• November 29, 2020

Remembering Charlotte Figi

 Remembering Charlotte Figi

Charlotte Figi, the young girl with Dravet’s syndrome whose story became the face of the healing properties of cannabidiol and helped change laws around the world, died Tuesday, likely of complications from the COVID-19 virus.

This is sad news indeed. Figi’s story was first seen on the Sanjay Gupta CNN specials, Weed and Weed 2, as viewers watched her epileptic seizures calmed by a high-cannabidiol (CBD) product named Charlotte’s Web by the Stanley brothers in Colorado. Her story and many others, along with studies and clinical trials, helped drive the eventual legalization of cannabidiol for certain epileptic conditions. 

In many ways, Charlotte’s story was the catalyst behind the medical cannabis movement, which has blossomed into consumer-driven markets across the country. Cannabis consumers and activists owe Charlotte a great deal of gratitude. Her contribution to the movement has not gone unnoticed.  

In 2018, the Food and Drug Administration approved Epidiolex (for which cannabidiol is the therapeutic ingredient) for the treatment of Lennox-Gastaut syndrome and Dravet syndrome seizures for children two years of age and older. Charlotte was key to that evolution and success. 

To clear up any confusion over the circumstances of her death, the family shared this account:

“Our family is grateful for the outpouring of love while we mourn the loss of our Charlotte. Charlotte had a catastrophic form of early childhood epilepsy called Dravet syndrome. We are moved by the continual impact that Charlotte’s life has made shedding light on the potential of cannabis for quality of life.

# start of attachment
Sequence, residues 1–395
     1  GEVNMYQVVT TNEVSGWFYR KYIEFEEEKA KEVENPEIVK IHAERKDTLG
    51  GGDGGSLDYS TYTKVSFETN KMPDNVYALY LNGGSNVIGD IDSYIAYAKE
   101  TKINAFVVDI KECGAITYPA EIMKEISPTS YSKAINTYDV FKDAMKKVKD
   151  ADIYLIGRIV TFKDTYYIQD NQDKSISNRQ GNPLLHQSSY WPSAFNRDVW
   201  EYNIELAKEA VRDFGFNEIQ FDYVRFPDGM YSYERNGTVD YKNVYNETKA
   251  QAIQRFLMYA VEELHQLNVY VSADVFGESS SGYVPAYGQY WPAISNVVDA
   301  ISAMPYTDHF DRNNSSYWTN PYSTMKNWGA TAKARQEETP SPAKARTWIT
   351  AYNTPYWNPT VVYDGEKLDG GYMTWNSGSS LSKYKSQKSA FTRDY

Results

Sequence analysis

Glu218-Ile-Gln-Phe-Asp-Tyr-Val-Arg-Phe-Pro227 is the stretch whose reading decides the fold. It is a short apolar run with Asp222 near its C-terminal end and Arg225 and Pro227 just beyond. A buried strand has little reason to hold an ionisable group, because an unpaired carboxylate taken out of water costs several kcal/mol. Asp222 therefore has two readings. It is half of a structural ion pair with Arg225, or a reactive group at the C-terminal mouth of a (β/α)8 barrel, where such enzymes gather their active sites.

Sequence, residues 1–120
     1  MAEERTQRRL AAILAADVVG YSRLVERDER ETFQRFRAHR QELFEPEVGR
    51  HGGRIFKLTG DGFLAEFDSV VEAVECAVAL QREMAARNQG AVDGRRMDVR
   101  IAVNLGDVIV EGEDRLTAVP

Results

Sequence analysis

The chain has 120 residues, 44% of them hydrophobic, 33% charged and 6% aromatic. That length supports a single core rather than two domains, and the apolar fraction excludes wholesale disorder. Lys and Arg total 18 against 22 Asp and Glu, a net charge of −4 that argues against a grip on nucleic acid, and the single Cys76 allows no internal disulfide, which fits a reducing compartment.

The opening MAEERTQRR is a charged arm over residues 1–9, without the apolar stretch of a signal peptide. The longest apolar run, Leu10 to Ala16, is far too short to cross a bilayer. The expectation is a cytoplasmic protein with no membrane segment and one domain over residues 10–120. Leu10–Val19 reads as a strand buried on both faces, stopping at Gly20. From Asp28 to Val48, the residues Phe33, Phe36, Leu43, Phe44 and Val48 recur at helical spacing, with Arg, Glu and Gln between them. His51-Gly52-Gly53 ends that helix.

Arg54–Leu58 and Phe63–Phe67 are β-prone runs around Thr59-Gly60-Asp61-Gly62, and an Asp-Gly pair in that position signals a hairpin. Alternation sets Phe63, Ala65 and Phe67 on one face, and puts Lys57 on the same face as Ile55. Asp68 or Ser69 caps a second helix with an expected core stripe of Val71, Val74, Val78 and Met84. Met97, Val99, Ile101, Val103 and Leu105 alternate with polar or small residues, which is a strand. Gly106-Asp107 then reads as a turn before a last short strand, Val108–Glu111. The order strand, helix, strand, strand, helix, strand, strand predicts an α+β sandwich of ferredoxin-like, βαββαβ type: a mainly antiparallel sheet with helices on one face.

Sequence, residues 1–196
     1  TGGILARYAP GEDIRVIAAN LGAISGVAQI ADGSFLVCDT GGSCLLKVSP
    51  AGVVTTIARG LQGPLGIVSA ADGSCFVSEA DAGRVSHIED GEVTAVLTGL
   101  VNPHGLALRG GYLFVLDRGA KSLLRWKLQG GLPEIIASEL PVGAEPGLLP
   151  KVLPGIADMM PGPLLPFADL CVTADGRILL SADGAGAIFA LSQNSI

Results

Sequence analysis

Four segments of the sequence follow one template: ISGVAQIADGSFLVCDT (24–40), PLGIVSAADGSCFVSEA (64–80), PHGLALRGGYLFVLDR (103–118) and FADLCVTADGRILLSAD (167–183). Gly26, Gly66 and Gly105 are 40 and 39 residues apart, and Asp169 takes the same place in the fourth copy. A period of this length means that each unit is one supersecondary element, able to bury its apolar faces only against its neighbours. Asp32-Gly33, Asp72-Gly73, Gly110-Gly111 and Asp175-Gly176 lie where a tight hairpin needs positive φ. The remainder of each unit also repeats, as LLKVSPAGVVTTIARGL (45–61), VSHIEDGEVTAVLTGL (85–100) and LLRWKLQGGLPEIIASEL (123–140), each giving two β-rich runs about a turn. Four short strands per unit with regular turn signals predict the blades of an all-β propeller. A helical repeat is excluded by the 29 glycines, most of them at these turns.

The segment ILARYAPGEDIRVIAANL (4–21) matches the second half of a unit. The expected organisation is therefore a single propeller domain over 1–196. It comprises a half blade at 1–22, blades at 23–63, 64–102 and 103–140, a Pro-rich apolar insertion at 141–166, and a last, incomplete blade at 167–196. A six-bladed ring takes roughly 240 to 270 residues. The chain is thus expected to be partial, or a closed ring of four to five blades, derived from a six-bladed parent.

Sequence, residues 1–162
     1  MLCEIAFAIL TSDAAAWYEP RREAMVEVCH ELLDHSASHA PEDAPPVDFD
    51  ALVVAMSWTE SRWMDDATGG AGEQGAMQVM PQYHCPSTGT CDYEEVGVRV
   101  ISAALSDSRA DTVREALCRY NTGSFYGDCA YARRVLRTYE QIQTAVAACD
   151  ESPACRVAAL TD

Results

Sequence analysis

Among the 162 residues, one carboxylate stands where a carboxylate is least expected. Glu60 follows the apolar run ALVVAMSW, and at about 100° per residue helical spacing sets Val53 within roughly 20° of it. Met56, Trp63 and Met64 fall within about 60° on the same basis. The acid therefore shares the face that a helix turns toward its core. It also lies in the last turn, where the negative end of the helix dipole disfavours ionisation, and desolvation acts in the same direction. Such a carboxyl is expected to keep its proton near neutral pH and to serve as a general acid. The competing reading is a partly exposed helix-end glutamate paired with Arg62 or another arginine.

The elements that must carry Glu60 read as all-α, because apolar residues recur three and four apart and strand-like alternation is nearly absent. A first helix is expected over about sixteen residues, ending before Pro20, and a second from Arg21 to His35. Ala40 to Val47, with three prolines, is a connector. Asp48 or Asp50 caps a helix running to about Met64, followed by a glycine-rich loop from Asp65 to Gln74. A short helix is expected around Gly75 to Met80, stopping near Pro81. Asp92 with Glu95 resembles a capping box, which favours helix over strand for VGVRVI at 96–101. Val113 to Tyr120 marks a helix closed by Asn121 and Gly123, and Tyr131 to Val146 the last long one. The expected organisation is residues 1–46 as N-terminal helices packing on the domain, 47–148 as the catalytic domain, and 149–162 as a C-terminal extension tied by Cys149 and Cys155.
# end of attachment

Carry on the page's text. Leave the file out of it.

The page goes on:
“We’d like to clarify some of the information that has been shared. Our entire family had been ill for close to a month starting early March, but did not initially fit all of the criteria for COVID-19 testing. For that reason, we were told to self-treat at home unless the symptoms worsened. Charlotte’s symptoms worsened, so she was admitted to the PICU on April 3rd. She was treated on the COVID-19 designated floor using all of the medical protocols set in place. On Friday April 3rd, she was tested, the results were negative for COVID-19 and discharged on Sunday April 5th when she seemingly began to improve. Charlotte had a seizure in the early morning on April 7th resulting in respiratory failure and cardiac arrest. Seizures are not uncommon with illness and paramedics were called returning us to the PICU. Given our family’s month-long history with illness and despite the negative test results, she was treated as a likely COVID-19 case. Her fighting spirit held out as long as it could and she eventually passed in our arms peacefully.

“We’d like to thank the staff at Children’s Hospital Colorado, Colorado Springs for their swift response and the impeccable and compassionate care that we received.”

A Figi family friend Tuesday posted publicly on Facebook: “Charlotte is no longer suffering. She is seizure-free forever.” May she rest in peace.

Leland Rucker

Leland Rucker

Leland Rucker is a journalist who has been covering the cannabis industry culture since Amendment 64 legalized adult-use in Colorado, for Boulder Weekly, Sensi and now TheNewsStation.com. He covered the popular music industry for years, worked extensively in internet and cable news, and co-authored The Toy Book, a history of OK Boomer playthings. Sweet Lunacy, his documentary film co-written and produced with Don Chapman, is a history of the Boulder music scene from the 1950s through the 1980s. He is author and editor of Dimensional Cannabis, the first pop-up book of marijuana.

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